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    Open Source Software-Only Storage – Really.

    Virtually any storage solution is more parts software than hardware. Having said this, users don’t care as much about the percentage of hardware vs. software. They want their consumption experience to be easy and fast to start up, with a pay-as-you-grow model and with the ability to scale without limits. So, it should not be a shock that real IT organizations are using software-only on standard servers to deliver storage to their customers. What’s more, this type of storage can be powered by open source.

    At the upcoming SNIA Data Storage Innovation Conference, we are looking forward to discussing software-defined storage (SDS) from a user experience perspective with examples of OpenStack Swift providing an engine for building SDS clusters with any mixed combination of standard server and HDD hardware in a way that is simple enough for any enterprise to dynamically scale.

    Swift is a highly available, distributed, scalable object store available as open source.  It is designed to handle non-relational (that is, not just simple row-column data) or unstructured data at large scale with high availability and durability.  For example, it can be used to store files, videos, documents, analytics results, Web content, drawings, voice recordings, images, maps, musical scores, pictures, or multimedia. Organizations can use Swift to store large amounts of data efficiently, safely, and cheaply. It scales horizontally without any single point of failure.  It offers a single multi-tenant storage system for all applications, the ability to use low-cost industry-standard servers and drives, and a rich ecosystem of tools and libraries.  It can serve the needs of any service provider or enterprise working in a cloud environment, regardless of whether the installation is using other OpenStack components.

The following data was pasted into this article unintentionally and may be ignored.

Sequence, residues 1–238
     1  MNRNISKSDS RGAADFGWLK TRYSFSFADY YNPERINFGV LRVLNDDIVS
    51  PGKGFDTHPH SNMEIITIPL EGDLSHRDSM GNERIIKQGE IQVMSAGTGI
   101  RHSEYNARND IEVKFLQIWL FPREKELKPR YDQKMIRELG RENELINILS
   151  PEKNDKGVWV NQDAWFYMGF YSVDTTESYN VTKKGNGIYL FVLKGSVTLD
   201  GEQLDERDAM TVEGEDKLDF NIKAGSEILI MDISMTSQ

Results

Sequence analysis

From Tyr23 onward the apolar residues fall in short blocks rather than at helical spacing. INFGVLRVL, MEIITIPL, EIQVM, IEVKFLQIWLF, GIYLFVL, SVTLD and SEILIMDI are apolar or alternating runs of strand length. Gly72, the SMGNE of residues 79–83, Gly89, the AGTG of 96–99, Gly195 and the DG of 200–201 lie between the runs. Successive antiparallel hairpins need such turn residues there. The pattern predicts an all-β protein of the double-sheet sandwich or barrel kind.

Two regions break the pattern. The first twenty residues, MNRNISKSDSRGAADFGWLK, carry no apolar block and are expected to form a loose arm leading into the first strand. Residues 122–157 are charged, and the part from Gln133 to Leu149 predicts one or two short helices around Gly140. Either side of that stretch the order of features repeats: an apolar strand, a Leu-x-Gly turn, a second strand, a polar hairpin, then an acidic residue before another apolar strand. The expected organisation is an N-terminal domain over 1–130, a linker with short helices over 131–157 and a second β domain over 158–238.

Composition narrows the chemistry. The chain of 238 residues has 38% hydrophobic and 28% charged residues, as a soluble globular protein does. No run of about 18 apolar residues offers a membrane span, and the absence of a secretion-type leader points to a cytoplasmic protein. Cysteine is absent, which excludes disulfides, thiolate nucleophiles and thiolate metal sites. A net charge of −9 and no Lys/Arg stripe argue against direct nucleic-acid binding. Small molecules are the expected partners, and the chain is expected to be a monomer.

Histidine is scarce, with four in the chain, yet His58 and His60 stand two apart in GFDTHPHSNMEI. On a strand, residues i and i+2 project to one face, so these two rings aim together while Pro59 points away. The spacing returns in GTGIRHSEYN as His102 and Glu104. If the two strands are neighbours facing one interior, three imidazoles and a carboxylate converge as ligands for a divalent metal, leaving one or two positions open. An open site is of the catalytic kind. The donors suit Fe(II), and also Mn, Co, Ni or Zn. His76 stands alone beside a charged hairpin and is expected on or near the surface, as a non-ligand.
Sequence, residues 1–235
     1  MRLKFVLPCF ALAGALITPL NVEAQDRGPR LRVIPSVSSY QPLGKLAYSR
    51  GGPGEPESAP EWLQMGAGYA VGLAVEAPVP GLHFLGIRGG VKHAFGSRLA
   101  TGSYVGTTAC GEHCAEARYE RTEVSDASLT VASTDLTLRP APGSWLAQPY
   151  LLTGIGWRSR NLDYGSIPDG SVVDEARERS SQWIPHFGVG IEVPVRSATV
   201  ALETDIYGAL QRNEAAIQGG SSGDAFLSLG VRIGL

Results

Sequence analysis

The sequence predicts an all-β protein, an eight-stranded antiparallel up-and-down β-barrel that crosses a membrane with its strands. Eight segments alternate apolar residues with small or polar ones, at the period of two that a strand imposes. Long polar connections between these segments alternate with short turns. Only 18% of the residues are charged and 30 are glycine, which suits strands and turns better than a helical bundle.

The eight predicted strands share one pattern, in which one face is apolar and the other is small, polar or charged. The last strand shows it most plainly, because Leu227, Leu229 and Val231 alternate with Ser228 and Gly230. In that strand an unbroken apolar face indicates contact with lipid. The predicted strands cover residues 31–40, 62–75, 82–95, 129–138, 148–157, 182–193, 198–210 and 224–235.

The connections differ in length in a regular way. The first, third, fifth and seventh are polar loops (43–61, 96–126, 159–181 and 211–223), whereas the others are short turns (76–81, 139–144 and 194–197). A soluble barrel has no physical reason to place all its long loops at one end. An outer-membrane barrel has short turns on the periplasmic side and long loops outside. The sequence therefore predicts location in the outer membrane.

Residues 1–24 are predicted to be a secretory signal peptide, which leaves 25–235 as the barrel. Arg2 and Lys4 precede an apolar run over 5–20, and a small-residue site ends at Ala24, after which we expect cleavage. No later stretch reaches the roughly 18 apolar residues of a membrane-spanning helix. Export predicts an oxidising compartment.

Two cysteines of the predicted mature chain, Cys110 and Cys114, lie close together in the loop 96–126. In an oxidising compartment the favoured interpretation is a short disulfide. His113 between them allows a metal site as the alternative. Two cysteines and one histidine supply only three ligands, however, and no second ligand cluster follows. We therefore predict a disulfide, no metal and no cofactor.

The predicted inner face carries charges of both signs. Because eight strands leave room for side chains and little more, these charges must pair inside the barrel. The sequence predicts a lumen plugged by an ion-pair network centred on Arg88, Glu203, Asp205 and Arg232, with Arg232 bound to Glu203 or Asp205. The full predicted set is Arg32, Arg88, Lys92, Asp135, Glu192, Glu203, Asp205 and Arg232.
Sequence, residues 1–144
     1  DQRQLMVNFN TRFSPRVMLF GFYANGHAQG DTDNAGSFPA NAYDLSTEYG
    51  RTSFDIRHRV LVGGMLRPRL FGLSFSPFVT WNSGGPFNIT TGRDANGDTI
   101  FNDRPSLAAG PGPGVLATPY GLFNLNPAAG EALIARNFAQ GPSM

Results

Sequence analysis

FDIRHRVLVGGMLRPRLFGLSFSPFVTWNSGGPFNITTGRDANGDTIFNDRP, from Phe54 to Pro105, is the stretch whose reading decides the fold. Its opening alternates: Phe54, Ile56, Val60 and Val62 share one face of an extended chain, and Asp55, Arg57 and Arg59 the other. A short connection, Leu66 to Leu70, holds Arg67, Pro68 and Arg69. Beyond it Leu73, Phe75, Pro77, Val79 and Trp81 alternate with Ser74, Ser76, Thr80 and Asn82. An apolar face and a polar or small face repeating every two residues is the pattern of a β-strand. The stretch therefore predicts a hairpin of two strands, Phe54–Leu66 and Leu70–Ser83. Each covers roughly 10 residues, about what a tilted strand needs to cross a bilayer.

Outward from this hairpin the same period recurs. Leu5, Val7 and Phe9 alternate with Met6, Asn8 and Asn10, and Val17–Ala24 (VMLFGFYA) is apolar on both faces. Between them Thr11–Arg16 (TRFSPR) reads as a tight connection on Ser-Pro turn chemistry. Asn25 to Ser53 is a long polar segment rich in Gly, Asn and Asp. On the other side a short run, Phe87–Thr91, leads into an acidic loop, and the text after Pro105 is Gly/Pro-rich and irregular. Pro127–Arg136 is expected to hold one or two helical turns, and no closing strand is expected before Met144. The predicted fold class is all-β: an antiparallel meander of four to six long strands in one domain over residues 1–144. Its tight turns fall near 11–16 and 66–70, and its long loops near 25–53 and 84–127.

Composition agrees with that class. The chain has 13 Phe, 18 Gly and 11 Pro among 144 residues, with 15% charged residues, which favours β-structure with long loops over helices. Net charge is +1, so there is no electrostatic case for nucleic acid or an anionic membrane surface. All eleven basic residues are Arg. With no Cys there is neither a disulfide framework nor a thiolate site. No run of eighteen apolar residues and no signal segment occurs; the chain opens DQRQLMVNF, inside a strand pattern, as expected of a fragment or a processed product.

I know what you are thinking, storage is too critical, so it will never work this way. But the same was said >25 years go when using RAID was seen as too risky given solutions would acknowledge writes while the data was in cache prior to being written to disk. The same was also said >15 years ago when VMware was seen as not robust enough to run any manner of demanding or critical application. Replicas and Erasure Codes are analogous to RAID 1 and RAID 5 respectively, and the uniquely as possible distribution of data behind a single namespace abstracts standard hardware like server virtualization.

    Interested in hearing more? Come check out my DSI session, “Swift Use Cases with SwiftStack,” where we look forward to sharing how this new type of storage can work, and to suspend your disbelief that this storage can be enterprise-grade.

     

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